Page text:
15 10. Safeguarding People with Learning disabilities in hospital The Trust recognises that due to their care and support needs patients with a learning disability are at risk of abuse and neglect from which they are unable to protect themselves. Whilst in hospital patients with a learning disability and who reside in Richmond and Kingston are well supported by Your Healthcare Neuro developmental Services. Specialist Healthcare Teams including Learning disability nurses for Kingston and Richmond provide acute (in reach) liaison and support for patients with a learning disability from 9 5pm, Monday to Friday excluding public holidays. Amongst their various responsibilities the role of the learning disability nurse liaison team is to:- Ensure that people with learning disabilities have access to all the information they need in relation to proposed treatment and admission. Ensure that all necessary reasonable adjustments are made. Advise staff on the use of the Mental Capacity Act and gaining consent. Work closely with the Trusts Safeguarding Adults team and highlight any safeguarding concerns in line with Trust Policy Staff liaise with community learning disability services for with patients residing in other boroughs other than Richmond. From April 2017 to March 2018 the learning disability nurse liaison team supported 102 patients at Kingston Hospital. A breakdown of activity demonstrates that the majority of patients are admitted as an emergency (chart 1) and many of those who are admitted are with respiratory conditions (chart 2) Hospital admissions supported by the NDS nursing team April March via A&E Elective 100 Chart 1 Admissions to Kingston hospital supported by the learning disability nurse liaison team April 2017 March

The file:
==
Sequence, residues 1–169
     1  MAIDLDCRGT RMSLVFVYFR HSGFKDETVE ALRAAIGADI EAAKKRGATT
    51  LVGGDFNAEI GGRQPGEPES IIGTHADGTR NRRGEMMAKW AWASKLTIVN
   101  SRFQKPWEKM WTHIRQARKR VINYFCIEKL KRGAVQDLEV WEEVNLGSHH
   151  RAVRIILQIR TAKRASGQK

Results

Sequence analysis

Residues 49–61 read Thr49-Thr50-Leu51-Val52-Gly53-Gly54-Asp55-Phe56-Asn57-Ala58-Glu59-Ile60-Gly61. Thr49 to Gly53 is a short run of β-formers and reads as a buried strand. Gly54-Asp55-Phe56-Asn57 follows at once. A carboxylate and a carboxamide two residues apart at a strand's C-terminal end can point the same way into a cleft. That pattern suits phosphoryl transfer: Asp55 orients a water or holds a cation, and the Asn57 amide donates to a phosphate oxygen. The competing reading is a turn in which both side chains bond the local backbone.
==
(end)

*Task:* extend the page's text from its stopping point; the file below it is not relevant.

16 Reasons for admission April March Respiratory UTI Gastro Falls Epilepsy Chart 2. Admissions by diagnosis for patient with a learning disability April 2017 March 2018 A bespoke Learning Disability awareness session was jointly facilitated by the Learning Disability nurses and the Safeguarding Adults Lead Nurse in response to an incident form raising concerns about the care and treatment of a man with a learning disability in A&E. It prompted discussions on how to support patients with a learning disability and challenging behaviours in A&E and recognising the increased vulnerabilities of patients with a Learning Disability. The Safeguarding Adults Steering Group is attended by members of the Learning Disability Nurses team. They contribute data on the number of patients with a learning disability seen in the Trust and discuss case studies with the group to highlight learning. The Safeguarding Adults Lead Nurse attends the Learning Disability Steering Group meeting. This is an opportunity to share learning from Safeguarding Enquiries and share resources with colleagues. 11. Learning Disabilities Mortality Review (LeDeR) programme The Care Quality Commission report Learning, Candour and Accountability published in December 2016 examined how acute, community and mental health trusts across the country review and learn from deaths of people who have been in their care. The findings failed to identify any trust that demonstrated good practice across all aspects of identifying, reviewing and investigating deaths, and ensuring that learning is implemented. The report recommends that Provider organisations and commissioners must work together to review and improve their local approach following the death of people receiving care from their services. Provider boards should ensure that national guidance is implemented at a local level, so that deaths are identified, screened and investigated, when appropriate and that learning from deaths is shared and acted on. 16